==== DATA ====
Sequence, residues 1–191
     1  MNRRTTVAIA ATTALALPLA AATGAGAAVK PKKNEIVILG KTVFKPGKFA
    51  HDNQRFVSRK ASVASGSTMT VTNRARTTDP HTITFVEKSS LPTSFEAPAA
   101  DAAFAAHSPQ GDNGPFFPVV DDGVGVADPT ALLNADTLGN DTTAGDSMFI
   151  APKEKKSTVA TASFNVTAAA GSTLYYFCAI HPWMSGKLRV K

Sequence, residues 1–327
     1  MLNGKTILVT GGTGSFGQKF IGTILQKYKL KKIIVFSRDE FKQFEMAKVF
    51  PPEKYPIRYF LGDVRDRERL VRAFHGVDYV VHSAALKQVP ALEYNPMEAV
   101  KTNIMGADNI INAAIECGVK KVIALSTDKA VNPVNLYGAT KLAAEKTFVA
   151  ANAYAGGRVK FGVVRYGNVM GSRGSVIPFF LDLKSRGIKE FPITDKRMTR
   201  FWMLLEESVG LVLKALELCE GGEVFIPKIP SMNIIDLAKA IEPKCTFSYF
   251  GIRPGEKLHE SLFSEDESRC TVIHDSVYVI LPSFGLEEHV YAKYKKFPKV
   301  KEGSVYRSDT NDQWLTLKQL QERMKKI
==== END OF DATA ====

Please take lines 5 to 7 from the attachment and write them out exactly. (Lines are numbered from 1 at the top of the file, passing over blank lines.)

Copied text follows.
   151  APKEKKSTVA TASFNVTAAA GSTLYYFCAI HPWMSGKLRV K

Sequence, residues 1–327
     1  MLNGKTILVT GGTGSFGQKF IGTILQKYKL KKIIVFSRDE FKQFEMAKVF